As is often the case a newsletter promotes a small company and out of nowhere that company hits volume heights previously never seen and their share price shoots north. Such is the scenario with Writers’ Group Film Corp. (OTCQB: WRIT) which went from a company whose 50-day trading volume average is slightly higher than 3.28 million shares to surpassing the 70 million mark by noon on Monday and their share price climbed more than 100% to 0.080 after closing on Friday at 0.036.
Of course that’s not to say WRIT has come anywhere close to their all-time high of 0.30 which was reached last month, actually the day before they announced their acquisition of Front Row Networks, Inc., a Los Angeles-based live concert production and distribution company which produces live concerts in 3-D for initial digital broadcast into movie theaters in North America.
The question now is whether or not there is any substance to what WRIT is doing or is Monday’s activity simply based on the promotion of a third party. WRIT did release a piece of news concerning the appointment of John Diaz as President and Director of the Company, and its wholly owned subsidiary Front Row Networks, but it’s hard to see how this piece of information would warrant trading volume of such magnitude, especially because it’s not exactly breaking news.
WRIT is being billed as a growth company concentrating on the entertainment industry, specifically producing live concerts by top recording artists in 3D for initial digital broadcast into movie theaters in the U.S., with a wider rollout anticipated in Western Europe, South America, Asia, and North America. As part of their business model following the initial theatrical run the 3D concerts will be licensed to TV broadcasters and DVD retailers as well as sell merchandising and sponsorship, specific to each artist in the concert, in theaters where the live concert will be exhibited.
Essentially what WRIT aims to do is take a live performance from a top artist like Lady Gaga and stream that performance to 3D screens in movie theaters across the world. Following the theatrical run the company would gain further revenue off the licensing deals they strike with broadcasters and DVD retailers, etc.
Given the rise in popularity and profitability of 3D in movie production this avenue appears to be something that could grow legs. What should be of question to investors is WRIT’s Feb. Quarterly Report which raises some serious doubts about their ability to be a major player in the market. For one, under Financial Condition, the company revealed “The amount of cash we currently have on hand, as of December 31, 2010, is $59,” that might not even be enough to get a ticket to watch one of their own productions.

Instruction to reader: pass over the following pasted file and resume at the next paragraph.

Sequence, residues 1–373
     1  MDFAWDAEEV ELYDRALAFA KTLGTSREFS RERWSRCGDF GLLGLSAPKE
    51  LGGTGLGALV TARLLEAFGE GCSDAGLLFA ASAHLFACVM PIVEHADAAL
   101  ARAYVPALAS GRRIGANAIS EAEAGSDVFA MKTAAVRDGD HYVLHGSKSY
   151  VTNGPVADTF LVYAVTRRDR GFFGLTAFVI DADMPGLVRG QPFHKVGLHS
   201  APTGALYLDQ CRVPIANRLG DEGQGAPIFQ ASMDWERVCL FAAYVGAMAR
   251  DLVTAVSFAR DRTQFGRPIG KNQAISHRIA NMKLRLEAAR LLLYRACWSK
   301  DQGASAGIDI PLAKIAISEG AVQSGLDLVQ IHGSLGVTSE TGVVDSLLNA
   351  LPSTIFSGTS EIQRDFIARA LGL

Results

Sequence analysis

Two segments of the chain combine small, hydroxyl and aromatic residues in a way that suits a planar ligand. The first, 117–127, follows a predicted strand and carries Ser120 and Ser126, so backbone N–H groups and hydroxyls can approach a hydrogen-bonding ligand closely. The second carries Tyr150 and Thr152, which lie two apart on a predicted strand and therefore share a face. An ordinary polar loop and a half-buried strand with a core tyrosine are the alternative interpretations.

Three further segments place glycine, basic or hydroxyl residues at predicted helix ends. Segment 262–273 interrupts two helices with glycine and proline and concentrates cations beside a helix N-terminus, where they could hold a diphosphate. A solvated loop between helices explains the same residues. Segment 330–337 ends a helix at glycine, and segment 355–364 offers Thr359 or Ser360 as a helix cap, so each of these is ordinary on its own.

Outside of the 3D ventures WRIT is also putting energy into pitching their pilot script for the 30 minute comedy series “Flagged” to various networks, produce the film “Writers’ Assistants,” as well as finish developing their web strategy which could include the production of a web-based serial and/or production of short vignettes and skits for use solely as a marketing and branding tool. Needless to say none of these ventures have been taking off.
Judging by what WRIT forecasts it is easy to see why this has been the case, in the 10Q they say “We do not anticipate any significant changes in the number of employees. We currently have zero and anticipate having zero employees in the next 12 months.”
In order for WRIT to actually become a player in the market they are targeting they will need a substantial amount of money and with no real revenue stream to date they will need to rely on registered offerings or private placements which will obviously dilute any shares that currently exist.
There have been suggestions that WRIT could partner with a company like Live Nation, an industry leader in a live concert promotions, to get their 3D plan off the ground. While a partnership like this could be a spark for WRIT such a deal wouldn’t be overly advantageous for the company as their financial situation is well know and it’s unlikely that any deal would generate an extremely favorable business scenario for WRIT.
What WRIT does having going for them is a relatively low share price that could attract those willing to take a risk. There is little doubt that 3D is capturing more of the entertainment industry which includes not only movie production but television as well. With that trend continuing there will obviously be a demand for content and if WRIT is able to position themselves as a 3D content provider of top musical artists then their shareholders could benefit.